Marina, 15, conducts an interactive education activity for her peers in the residential institution in Napadova.
The State of the World's Children 2006 will be launched on 14 December. In the weeks leading up to the launch of the report, we will feature a series of stories focusing on children who are excluded and invisible as a result of armed conflict, poverty, HIV/AIDS, discrimination and inequalities. Their stories are the stories of millions of other children whose rights go unfulfilled every day.
NAPADOVA, Moldova - Until a year ago Marina, age 15, thought she would always feel alone. “I thought that if I fell, nobody would stretch out a hand. If I should disappear, nobody would miss me….”
Marina grew up with her father, stepmother and three sisters until she was nine years old, when her parents divorced. “My grandmother took care of me but, when I turned 13, she died and I was left all alone,” Marina says.
Following her grandmother’s death and her father’s refusal to take her in, Marina ended up in an institution in Napadova, Moldova. She is not the only child in the orphanage whose parents are alive. More then 70 per cent of the more than 14,000 children living in residential care in Moldova have parents and are so-called ‘social orphans’. They are placed in institutions for different reasons, but mainly because, in the absence of social safety nets and specialized services for families, they are one of the very few viable options providing child protection in Moldova.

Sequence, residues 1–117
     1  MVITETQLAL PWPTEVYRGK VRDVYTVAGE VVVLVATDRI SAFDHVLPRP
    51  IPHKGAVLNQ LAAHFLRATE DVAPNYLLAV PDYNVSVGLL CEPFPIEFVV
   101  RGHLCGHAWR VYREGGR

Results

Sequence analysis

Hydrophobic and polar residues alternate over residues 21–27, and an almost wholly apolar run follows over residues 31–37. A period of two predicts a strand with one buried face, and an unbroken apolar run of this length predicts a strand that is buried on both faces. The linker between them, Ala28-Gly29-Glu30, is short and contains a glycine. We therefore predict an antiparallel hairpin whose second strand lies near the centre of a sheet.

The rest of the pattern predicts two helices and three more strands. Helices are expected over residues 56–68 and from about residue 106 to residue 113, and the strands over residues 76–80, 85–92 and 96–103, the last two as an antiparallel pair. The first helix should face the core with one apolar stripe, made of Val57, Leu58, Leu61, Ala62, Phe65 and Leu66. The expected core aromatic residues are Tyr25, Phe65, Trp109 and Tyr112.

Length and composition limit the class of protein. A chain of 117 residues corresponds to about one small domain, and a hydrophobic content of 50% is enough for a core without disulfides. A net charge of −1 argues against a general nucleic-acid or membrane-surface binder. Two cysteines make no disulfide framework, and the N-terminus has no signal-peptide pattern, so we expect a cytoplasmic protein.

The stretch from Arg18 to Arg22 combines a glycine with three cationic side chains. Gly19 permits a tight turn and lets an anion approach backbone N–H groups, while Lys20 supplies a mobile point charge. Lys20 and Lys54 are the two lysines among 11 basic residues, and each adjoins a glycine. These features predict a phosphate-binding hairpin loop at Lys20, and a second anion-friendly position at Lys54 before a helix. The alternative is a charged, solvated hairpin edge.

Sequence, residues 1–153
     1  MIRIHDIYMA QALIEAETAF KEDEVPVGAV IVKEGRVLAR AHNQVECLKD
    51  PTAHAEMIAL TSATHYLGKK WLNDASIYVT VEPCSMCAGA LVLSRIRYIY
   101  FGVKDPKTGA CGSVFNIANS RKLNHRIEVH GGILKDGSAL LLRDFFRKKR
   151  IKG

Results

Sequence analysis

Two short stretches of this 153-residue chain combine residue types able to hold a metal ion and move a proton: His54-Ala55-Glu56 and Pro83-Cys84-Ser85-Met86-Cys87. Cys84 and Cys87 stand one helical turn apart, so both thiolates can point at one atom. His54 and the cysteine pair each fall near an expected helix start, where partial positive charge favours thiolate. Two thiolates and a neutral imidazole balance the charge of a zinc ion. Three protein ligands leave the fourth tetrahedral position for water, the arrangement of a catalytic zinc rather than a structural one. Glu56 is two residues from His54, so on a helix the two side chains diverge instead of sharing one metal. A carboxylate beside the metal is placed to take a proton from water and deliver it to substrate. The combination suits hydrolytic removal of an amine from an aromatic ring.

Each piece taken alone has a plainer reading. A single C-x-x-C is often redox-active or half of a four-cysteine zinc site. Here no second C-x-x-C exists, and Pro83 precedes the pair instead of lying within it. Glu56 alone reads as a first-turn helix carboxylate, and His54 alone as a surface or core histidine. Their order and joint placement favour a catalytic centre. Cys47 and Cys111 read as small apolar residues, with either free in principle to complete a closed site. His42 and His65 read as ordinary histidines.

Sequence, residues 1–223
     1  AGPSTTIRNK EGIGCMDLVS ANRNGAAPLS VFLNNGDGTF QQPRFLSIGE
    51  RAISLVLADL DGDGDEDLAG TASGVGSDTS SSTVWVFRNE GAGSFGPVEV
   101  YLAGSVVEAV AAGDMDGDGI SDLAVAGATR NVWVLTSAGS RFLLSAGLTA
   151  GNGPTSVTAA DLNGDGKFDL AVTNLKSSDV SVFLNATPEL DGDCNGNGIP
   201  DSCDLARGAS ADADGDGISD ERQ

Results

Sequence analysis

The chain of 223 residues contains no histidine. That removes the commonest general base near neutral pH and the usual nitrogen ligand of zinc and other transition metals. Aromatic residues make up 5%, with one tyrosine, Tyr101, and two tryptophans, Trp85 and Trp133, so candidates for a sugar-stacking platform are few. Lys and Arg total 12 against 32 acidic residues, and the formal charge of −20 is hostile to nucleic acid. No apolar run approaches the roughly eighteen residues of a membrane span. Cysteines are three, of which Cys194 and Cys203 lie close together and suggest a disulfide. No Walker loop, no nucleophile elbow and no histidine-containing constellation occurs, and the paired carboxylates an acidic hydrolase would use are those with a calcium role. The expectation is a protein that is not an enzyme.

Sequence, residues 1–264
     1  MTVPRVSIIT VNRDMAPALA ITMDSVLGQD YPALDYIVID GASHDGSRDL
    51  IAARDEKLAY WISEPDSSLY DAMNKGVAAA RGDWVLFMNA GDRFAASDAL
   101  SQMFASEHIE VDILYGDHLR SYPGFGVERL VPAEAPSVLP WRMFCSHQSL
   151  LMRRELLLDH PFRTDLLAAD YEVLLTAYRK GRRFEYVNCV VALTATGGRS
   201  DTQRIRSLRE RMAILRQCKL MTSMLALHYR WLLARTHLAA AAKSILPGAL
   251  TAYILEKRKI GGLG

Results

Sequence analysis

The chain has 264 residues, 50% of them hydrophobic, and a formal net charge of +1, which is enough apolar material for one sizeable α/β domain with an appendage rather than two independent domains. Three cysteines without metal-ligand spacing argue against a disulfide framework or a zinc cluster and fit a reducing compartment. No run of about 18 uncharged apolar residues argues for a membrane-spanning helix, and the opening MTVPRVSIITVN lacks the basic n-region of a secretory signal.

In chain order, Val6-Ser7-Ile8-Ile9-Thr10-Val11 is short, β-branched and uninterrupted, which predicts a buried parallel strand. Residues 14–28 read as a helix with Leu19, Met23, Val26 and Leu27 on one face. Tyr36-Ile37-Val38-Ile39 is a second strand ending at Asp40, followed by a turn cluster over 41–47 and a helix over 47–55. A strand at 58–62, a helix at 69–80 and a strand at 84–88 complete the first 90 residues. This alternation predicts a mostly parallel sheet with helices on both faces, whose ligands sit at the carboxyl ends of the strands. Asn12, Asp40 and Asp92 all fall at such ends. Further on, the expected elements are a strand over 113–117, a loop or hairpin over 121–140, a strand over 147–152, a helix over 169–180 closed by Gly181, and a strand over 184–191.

Children placed in residential institutions all over Moldova grow up isolated, lacking the most basic social skills. As a result, once they leave the orphanage they feel utterly lost. They are not prepared for an independent life, and it is extremely difficult for them to find a job or to continue their education. They cannot make friends in the community; they do not know how to manage their finances or where to look for help and advice. Most of them don’t have anybody to rely on or any services to support them, and often become easy prey for traffickers.
Even though she is 15, Marina realizes that after she finishes school she has only two options. One is to go to a vocational school, as most of her fellow students have done, get a job as a seamstress or a hairdresser at a miserable wage, and live in a rented room for years. The second option is to try her luck with a job abroad.
But Marina has decided not to follow either of these paths. Instead, she has become a peer educator within the UNICEF supported Life Skills Education for the Prevention of Trafficking and Unemployment Project. From the trainers - young volunteers of the Child Rights Information and Documentation Centre - she’s learned the most important lesson: never to give up and to fight for her dreams. For the first time, she has been treated with trust and offered an opportunity to improve herself. Participation in the project opened a window to the knowledge and skills she was never offered a chance to learn.